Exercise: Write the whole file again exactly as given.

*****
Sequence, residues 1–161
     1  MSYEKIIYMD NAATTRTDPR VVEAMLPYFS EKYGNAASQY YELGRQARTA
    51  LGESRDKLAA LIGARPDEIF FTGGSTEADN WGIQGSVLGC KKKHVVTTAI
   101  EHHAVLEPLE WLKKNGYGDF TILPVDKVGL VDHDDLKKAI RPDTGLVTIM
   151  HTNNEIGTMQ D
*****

Sequence, residues 1–161
     1  MSYEKIIYMD NAATTRTDPR VVEAMLPYFS EKYGNAASQY YELGRQARTA
    51  LGESRDKLAA LIGARPDEIF FTGGSTEADN WGIQGSVLGC KKKHVVTTAI
   101  EHHAVLEPLE WLKKNGYGDF TILPVDKVGL VDHDDLKKAI RPDTGLVTIM
   151  HTNNEIGTMQ D